Dr. Prosser's research focuses are the development and rehabilitation of movement in children, particularly those with neurological impairments. This includes the investigation of the development of impaired movement, the study of novel motor rehabilitation interventions in children, and the interaction between the processes of neuroplasticity and neuromaturation in sensorimotor systems.
Dr. Diskin's research is focused on translational genomics in childhood cancers. Her laboratory seeks to identify the genetic basis of childhood cancers by combining quantitative computational methods with rigorous "wet-lab" experimental approaches. In parallel, she has developed, and is applying, a proteogenomic approach to identify novel immunotherapeutic targets for high-risk and relapsed pediatric malignancies.
Dr. Xanthopoulos's research focuses on the development, implementation, and adherence to medical and lifestyle interventions, including non-invasive ventilation (CPAP/BPAP), eating habits, physical activity, and sleep. She has a particular interest in the interactions among behavioral, lifestyle, psychosocial and physiologic factors as they relate to health and neurobehavioral functioning and quality of life in youth and families.
Dr. Gmuca seeks to enhance the care of children with chronic musculoskeletal pain. Her current research addresses amplified musculoskeletal pain syndrome, which is a major public health issue because of its high prevalence, related socioeconomic burden, and associated risk of opioid exposure. Dr. Gmuca’s work aims to identify innovative strategies to improve long-term treatment outcomes for this patient population.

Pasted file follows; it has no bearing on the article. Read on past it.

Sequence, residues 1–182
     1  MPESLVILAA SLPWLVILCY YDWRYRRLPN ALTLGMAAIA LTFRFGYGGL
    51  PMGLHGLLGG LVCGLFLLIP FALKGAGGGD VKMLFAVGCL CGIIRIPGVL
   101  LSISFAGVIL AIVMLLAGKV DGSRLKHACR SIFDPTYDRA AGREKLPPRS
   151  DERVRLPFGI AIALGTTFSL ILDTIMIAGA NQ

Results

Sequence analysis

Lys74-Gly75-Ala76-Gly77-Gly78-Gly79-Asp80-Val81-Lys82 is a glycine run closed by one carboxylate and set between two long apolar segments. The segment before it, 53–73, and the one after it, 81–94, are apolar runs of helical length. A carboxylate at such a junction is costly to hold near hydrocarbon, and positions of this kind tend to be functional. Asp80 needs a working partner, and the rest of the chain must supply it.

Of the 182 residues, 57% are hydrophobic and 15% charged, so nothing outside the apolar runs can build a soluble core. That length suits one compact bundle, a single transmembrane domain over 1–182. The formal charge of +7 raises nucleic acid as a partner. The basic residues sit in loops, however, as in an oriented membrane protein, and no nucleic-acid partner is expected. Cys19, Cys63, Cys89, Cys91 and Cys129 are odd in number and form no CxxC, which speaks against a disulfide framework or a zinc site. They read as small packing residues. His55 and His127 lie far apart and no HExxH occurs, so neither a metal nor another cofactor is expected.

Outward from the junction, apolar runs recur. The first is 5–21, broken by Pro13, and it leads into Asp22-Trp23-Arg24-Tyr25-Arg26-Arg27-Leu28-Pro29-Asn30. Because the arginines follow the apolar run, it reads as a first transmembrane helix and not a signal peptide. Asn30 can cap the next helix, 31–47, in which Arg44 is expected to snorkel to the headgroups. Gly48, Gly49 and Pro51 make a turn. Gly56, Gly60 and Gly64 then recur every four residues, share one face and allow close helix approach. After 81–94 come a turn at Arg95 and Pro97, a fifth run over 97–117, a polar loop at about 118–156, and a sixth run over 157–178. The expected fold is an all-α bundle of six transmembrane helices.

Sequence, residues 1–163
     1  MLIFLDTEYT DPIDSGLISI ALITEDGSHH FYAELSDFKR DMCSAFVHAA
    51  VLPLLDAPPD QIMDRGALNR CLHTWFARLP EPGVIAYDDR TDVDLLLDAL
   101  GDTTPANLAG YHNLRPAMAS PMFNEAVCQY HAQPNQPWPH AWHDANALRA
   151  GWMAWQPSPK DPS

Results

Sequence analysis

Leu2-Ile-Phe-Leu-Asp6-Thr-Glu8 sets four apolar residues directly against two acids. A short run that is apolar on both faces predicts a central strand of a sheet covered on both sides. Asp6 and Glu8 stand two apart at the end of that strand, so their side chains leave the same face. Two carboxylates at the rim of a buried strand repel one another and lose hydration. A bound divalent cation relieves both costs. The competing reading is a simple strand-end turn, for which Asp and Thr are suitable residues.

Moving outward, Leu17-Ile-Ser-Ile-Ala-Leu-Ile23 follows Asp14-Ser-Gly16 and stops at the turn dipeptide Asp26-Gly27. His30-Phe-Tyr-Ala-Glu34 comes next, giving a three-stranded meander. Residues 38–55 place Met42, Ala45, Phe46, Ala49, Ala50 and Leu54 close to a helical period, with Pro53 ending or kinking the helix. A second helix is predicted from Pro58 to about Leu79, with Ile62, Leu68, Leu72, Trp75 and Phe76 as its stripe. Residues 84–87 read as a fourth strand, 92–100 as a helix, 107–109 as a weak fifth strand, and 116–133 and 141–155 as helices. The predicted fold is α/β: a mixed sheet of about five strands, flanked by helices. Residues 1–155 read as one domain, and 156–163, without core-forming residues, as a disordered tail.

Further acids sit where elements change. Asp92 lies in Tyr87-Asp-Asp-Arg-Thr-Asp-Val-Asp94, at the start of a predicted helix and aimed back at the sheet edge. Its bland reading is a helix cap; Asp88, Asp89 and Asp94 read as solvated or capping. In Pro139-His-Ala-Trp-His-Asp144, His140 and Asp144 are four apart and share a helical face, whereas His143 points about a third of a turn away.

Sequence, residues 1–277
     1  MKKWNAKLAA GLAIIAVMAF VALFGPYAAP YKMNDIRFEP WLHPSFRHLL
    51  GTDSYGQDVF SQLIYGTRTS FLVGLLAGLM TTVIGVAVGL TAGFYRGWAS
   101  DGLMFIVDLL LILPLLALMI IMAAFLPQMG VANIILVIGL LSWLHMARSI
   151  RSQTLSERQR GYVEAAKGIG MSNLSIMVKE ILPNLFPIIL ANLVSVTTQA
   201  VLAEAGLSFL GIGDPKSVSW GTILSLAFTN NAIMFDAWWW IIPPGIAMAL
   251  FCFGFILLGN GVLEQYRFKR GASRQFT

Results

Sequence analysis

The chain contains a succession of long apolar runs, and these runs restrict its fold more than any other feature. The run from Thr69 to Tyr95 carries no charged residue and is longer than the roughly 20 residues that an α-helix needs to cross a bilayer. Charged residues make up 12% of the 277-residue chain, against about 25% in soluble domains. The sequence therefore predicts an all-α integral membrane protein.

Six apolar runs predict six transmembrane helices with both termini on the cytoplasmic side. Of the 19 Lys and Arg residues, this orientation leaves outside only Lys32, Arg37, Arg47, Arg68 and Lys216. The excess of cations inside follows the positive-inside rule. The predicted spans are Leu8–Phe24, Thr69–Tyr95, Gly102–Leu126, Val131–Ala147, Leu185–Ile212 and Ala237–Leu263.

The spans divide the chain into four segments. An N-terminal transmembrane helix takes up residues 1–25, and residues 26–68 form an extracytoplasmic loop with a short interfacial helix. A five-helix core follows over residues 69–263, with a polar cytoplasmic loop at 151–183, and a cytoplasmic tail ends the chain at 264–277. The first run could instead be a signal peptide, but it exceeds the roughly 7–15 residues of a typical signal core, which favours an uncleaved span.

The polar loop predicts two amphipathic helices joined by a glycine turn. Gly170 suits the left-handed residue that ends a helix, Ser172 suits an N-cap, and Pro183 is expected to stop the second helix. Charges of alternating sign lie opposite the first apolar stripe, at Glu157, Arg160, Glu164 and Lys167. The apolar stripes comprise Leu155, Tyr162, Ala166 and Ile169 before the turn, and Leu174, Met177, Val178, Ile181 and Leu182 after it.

Dr. Leff's background is in child clinical psychology, and he has broad training and expertise in intervention research, mixed methods, and in leading a range of federally funded research initiatives. His research goal is to use community-based participatory research (CBPR) to develop and validate school-based aggression and bullying intervention programs and assessment tools for urban minority youth.
Dr. Loomes' research is focused on clinical and translational studies in pediatric liver disease. She works with National Institutes of Health-funded national consortia to conduct studies investigating the etiology and treatment for rare pediatric liver diseases including biliary atresia, Alagille syndrome, and others. Dr. Loomes also collaborates with other investigators at Children’s Hospital of Philadelphia to investigate genetic causes of pediatric liver disease.